Offensive coordinator Mike Nesbitt adds, (when asked what he looks for when trying to dissect an opponent’s defense), “The thing I look for is the tempo of their play – how fast are they playing? What’s their energy level? How hard are they playing? What’s their personality? Who are they? It’s not just what they’re going to do but more of a deal of what are they about?” Coach Levine mentioned that his philosophy of being a head coach is more of the CEO model that he learned under Tommy Tuberville (when they were at Auburn), “I believe in certain things offensively, defensively and in the kicking game and my coordinators will share the same philosophy.” When asked if they will be allowed to call their own plays, Levine says “they’ll be given the freedom to do what they do.” Along those lines, Nesbitt says his first series (or fifteen plays) will be scripted and then “we’ll go with the normal game plan after that.” When asked about the ‘art of calling a game’ he says, “You’re playing the odds based on what you see during the week (both in practice and in video scouting) and some of it changes as you get the feel of the game based on what’s going on. Basically you have to be able to adapt from your scripted game plan if that’s what the game dictates. Injuries can play a part in it (game calling), but it’s also based on what’s happening at the moment too.”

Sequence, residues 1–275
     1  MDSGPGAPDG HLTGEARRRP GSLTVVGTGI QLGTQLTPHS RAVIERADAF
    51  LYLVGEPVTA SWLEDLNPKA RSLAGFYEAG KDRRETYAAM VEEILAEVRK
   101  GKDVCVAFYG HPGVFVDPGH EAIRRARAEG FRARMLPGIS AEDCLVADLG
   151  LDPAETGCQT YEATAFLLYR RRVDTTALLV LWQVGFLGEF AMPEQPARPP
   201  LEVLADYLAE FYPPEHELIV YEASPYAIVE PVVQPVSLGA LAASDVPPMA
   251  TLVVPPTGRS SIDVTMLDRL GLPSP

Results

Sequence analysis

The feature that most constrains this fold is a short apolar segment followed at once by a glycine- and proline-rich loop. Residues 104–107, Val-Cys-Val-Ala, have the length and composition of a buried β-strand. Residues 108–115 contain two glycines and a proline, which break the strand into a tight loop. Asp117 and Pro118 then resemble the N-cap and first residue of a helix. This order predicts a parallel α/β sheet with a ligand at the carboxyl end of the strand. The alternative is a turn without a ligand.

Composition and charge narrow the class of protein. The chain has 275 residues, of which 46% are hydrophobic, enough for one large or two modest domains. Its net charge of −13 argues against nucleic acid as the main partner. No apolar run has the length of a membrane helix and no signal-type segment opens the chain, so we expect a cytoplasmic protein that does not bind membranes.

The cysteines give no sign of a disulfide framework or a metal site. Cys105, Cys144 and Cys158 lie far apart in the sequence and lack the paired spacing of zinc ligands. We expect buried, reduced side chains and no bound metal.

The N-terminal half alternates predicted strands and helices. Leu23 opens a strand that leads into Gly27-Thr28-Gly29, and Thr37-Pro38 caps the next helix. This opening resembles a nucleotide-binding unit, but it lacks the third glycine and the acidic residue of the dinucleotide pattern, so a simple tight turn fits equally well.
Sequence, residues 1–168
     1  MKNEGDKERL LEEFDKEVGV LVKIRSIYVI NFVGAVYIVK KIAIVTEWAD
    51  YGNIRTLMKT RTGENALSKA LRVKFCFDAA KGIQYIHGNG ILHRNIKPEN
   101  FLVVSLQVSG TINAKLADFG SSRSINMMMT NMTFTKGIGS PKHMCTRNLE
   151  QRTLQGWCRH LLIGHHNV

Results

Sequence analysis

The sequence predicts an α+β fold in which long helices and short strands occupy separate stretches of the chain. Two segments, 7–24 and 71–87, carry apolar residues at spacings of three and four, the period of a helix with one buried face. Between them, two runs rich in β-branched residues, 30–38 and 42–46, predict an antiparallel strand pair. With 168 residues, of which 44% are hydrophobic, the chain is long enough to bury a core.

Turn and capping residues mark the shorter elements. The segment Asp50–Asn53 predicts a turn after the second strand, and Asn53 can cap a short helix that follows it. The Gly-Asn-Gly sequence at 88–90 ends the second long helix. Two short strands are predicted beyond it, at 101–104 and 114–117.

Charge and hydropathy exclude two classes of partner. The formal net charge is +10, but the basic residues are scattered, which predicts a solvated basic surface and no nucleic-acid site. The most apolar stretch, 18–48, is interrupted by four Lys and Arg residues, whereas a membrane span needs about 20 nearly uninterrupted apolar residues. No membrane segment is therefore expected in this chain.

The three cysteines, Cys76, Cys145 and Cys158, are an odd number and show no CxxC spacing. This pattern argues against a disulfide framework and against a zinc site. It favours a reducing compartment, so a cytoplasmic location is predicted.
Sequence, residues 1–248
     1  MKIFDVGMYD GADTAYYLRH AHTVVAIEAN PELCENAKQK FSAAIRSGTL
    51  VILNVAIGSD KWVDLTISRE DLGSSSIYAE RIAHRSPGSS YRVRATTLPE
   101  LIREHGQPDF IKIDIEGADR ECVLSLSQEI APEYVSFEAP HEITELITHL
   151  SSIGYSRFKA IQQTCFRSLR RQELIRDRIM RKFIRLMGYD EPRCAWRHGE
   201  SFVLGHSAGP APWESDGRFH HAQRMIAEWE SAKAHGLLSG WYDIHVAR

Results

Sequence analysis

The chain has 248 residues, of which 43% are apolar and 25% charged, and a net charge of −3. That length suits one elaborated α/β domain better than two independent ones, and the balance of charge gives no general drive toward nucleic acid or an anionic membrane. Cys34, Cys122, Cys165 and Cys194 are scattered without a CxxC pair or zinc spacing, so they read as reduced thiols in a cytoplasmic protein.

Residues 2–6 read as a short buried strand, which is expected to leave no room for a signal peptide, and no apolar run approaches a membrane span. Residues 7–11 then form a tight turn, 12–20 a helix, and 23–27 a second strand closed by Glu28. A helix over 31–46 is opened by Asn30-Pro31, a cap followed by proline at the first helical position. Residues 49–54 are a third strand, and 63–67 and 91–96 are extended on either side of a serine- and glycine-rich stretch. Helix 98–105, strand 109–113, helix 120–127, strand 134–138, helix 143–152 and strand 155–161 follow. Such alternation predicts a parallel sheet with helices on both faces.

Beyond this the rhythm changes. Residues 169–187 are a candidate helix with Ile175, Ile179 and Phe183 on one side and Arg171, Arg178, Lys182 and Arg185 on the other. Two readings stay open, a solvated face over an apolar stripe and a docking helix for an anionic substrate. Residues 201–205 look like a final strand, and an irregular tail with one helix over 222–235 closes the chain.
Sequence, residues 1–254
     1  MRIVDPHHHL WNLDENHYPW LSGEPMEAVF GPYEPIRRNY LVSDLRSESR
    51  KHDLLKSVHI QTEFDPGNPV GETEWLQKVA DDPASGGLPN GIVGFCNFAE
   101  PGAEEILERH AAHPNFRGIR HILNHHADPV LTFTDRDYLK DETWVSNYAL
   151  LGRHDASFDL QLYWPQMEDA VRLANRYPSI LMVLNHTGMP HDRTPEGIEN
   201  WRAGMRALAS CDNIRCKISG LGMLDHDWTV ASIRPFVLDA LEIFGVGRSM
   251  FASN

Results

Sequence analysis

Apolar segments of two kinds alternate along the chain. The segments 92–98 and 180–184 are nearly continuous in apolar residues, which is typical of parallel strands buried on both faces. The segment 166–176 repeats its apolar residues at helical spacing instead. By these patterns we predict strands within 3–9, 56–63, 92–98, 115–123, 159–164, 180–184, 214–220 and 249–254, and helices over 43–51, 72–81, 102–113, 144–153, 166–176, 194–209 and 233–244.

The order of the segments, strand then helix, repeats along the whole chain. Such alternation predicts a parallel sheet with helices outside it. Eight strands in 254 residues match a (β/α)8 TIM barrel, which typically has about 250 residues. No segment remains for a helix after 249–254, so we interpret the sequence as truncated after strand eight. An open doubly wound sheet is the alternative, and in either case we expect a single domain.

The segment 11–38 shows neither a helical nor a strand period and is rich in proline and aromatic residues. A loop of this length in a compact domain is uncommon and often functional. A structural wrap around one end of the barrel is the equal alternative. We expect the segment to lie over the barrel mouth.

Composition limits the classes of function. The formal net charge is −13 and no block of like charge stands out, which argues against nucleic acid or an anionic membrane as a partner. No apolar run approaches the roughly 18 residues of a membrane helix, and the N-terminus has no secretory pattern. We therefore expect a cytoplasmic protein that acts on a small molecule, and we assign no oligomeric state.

Defensive coordinator Jamie Bryant added, “We look at top personnel groupings and we’ll look at their top runs and passes. We call a game based off of what we’ve seen over the course of the week and based on what we see during the game.” In next week’s ‘Behind the Scenes’ look into Cougar football, we’ll take a look at ‘Cougar Video’ and their role in scouting and game planning.